You’ll begin by dissecting a cube and examining its fundamental parts from vertices, to normals, to texture mapping.  Armed with this knowledge, you will then begin writing code that redefines the cube and makes it far more efficient to draw as a terrain component.  You’ll then bring these pseudo-cubes together to form chunks, to optimise rendering performance. Once you’ve worked on creating a solid world of chunks you will then learn about smooth noise and a little fractal geometry will be introduced to assist you in carving out realistic landscape features including caves.

With terra-firma to stand on, you’ll next add a player character and start exploring the new world.  To prevent you falling off, you will also start working on the logic to build the world around you in real-time, out to infinite boundaries.

When you are done with exploring, it will be time to start digging and building.  It’s in this part that you will learn how to add and remove blocks at the click of a button to further mould the terrain to your liking.

Finally, you’ll cover the dynamics of adding flowing water, falling sand and start working on the logic for creating your very own biomes.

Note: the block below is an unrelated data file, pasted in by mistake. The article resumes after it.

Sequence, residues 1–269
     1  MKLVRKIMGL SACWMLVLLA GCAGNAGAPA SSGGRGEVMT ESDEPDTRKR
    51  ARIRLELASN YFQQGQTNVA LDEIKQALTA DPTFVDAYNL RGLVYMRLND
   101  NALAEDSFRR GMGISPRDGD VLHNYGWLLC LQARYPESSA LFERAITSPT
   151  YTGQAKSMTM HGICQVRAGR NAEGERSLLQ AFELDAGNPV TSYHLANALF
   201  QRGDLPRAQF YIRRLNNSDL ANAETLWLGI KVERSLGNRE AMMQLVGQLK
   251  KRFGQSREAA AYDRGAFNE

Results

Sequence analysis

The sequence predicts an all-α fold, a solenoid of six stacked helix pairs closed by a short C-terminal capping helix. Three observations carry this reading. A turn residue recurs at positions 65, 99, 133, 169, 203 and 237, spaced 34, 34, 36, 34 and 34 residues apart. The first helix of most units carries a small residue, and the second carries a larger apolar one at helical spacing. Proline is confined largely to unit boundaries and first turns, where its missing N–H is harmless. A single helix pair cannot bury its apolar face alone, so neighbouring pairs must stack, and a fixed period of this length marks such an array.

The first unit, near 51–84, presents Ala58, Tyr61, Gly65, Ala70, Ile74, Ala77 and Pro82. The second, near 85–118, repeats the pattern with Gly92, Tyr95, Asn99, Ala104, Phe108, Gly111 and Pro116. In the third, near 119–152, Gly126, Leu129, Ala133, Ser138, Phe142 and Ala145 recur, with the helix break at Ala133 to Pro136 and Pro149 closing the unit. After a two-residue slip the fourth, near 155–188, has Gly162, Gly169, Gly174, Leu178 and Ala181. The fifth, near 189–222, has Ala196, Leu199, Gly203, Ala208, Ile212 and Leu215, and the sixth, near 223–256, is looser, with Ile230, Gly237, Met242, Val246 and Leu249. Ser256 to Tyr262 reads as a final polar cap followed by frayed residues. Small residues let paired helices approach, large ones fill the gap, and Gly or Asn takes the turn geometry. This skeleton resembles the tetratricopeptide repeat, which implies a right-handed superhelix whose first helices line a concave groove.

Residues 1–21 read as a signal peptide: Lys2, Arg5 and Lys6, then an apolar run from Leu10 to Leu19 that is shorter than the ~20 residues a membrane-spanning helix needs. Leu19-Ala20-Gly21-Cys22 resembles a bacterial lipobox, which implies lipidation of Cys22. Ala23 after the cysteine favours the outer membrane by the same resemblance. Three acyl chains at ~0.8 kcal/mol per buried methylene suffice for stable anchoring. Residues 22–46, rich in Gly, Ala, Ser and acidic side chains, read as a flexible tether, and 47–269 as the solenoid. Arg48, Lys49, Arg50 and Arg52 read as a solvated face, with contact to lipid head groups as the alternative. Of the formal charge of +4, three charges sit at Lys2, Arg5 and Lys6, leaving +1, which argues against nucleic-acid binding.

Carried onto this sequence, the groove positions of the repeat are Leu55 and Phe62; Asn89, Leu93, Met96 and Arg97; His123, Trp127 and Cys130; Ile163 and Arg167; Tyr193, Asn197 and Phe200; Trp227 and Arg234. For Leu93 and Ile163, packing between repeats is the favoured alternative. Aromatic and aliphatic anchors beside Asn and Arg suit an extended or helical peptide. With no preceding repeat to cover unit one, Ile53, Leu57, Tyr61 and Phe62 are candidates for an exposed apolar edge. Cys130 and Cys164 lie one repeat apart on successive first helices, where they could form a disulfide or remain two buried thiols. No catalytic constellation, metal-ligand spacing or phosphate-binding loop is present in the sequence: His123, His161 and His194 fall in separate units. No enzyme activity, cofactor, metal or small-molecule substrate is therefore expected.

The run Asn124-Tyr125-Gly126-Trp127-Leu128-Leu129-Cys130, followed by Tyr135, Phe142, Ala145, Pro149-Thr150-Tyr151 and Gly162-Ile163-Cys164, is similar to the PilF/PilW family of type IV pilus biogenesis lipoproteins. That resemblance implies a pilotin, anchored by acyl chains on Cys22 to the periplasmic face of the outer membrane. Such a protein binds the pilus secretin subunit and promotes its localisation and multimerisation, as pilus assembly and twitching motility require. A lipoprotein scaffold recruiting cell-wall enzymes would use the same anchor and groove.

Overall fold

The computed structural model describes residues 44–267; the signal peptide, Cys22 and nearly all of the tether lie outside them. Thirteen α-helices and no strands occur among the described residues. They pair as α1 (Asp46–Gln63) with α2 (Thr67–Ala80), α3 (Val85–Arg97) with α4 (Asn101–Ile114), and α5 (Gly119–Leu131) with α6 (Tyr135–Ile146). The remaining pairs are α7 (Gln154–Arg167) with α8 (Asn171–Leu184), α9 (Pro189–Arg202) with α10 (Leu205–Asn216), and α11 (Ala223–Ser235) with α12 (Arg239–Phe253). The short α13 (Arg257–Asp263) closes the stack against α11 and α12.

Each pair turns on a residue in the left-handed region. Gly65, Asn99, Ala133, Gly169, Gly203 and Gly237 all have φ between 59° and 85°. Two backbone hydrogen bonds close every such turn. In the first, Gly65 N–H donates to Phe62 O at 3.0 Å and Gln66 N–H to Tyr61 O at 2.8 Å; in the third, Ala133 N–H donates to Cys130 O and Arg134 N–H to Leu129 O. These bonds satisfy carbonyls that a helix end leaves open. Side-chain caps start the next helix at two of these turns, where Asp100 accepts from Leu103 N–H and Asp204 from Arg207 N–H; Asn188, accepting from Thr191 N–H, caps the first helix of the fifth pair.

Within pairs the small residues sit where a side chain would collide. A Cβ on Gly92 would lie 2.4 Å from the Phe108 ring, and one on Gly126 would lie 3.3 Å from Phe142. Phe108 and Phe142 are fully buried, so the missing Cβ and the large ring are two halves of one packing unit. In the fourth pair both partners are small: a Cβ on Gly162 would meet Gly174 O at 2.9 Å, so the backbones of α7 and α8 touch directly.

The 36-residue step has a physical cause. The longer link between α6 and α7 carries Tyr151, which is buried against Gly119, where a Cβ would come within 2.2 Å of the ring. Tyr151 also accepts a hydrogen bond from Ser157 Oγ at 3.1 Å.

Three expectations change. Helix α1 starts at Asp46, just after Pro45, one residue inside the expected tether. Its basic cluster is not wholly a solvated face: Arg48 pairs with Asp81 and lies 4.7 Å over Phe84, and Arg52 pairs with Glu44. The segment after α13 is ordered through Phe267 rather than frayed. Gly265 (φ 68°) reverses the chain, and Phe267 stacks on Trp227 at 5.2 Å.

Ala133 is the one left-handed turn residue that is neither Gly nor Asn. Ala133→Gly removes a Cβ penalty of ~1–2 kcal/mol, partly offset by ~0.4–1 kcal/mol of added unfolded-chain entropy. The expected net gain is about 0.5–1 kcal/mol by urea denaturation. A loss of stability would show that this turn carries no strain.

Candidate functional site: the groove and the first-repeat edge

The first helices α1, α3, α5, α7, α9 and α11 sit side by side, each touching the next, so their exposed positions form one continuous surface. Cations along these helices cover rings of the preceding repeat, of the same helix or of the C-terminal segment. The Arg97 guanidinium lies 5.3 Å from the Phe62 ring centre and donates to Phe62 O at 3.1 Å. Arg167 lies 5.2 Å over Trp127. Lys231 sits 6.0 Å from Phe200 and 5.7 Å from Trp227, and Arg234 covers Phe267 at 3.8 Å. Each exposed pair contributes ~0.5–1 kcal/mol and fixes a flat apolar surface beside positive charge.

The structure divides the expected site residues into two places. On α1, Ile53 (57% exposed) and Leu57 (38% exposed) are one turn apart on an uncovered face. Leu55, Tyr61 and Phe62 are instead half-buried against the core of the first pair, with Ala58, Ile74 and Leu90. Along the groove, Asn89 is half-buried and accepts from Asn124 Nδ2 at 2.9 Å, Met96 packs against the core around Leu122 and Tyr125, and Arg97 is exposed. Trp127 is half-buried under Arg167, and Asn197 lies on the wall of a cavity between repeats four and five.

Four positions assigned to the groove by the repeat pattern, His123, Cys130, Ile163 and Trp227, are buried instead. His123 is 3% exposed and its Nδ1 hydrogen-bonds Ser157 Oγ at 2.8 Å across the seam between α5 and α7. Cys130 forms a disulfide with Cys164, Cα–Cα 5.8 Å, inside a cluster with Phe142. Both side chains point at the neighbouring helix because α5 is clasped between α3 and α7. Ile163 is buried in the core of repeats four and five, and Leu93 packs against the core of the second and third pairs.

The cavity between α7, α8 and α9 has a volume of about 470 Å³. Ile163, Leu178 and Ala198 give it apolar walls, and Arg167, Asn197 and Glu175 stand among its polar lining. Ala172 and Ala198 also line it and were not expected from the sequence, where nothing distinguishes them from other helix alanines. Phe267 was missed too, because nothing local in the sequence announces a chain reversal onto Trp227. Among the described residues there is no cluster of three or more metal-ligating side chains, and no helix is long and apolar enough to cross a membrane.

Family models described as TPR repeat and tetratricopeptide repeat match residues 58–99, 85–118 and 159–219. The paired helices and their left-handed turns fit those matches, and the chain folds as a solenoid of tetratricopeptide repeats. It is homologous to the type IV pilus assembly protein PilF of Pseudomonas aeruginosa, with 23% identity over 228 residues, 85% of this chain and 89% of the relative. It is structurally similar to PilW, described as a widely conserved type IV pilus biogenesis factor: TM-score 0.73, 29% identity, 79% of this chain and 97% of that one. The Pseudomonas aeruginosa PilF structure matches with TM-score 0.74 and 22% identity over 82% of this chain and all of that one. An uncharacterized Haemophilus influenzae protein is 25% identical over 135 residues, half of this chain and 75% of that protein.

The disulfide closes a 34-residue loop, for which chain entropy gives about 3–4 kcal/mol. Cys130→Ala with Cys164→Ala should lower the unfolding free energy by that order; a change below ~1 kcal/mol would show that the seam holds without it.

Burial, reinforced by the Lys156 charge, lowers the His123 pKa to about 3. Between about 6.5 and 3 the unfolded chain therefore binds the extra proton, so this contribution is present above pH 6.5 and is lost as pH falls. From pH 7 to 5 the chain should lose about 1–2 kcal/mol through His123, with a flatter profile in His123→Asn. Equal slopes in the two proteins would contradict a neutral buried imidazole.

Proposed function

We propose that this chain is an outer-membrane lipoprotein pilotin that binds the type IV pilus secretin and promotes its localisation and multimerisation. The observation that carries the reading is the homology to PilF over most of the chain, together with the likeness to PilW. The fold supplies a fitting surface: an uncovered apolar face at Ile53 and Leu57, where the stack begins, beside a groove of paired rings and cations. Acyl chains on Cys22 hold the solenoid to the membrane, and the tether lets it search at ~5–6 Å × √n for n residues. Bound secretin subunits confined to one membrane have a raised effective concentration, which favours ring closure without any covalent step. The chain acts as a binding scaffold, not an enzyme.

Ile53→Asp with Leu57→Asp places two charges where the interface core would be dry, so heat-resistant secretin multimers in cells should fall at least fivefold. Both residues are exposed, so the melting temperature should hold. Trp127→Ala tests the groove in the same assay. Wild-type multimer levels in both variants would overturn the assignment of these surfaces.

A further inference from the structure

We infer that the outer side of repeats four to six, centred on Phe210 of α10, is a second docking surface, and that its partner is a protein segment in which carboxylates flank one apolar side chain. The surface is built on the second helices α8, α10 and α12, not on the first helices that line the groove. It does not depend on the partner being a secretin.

What students are saying about this course:

  • Hi! I wanted to thank you and compliment you for the Minecraft Unity course. I’ve been a (web) programmer for 20 years. After so long creating somewhat boring work I’m excited to make games. My interest is in creating procedurally generated, complex worlds. Learning about Minecraft, therefore, seemed like a good idea.
  • Love the amount of detail Penny goes into! Not too little, not too much, she manages to hit the sweet spot that gets you a deep understanding of what’s going on, coupled with the ability to jump in with confidence and start doing things yourself. VERY pleased with my course purchase, and look forward to more by her!
  • Clear, concise, introduction and extension of concepts required to efficiently generate Minecraft style worlds, including Perlin noise and fractal Brownian motion.

Who this course is for:

  • Anyone interested in how to put together a blocky voxel world like Minecraft.
  • Anyone interested in building and skinning geometry in a virtual world through code.
  • Anyone who loves Minecraft and is interested in the complexities that go on behind the scenes.
  • Anyone interested in expanding their Unity technical skills with respect to manipulating geometry with code.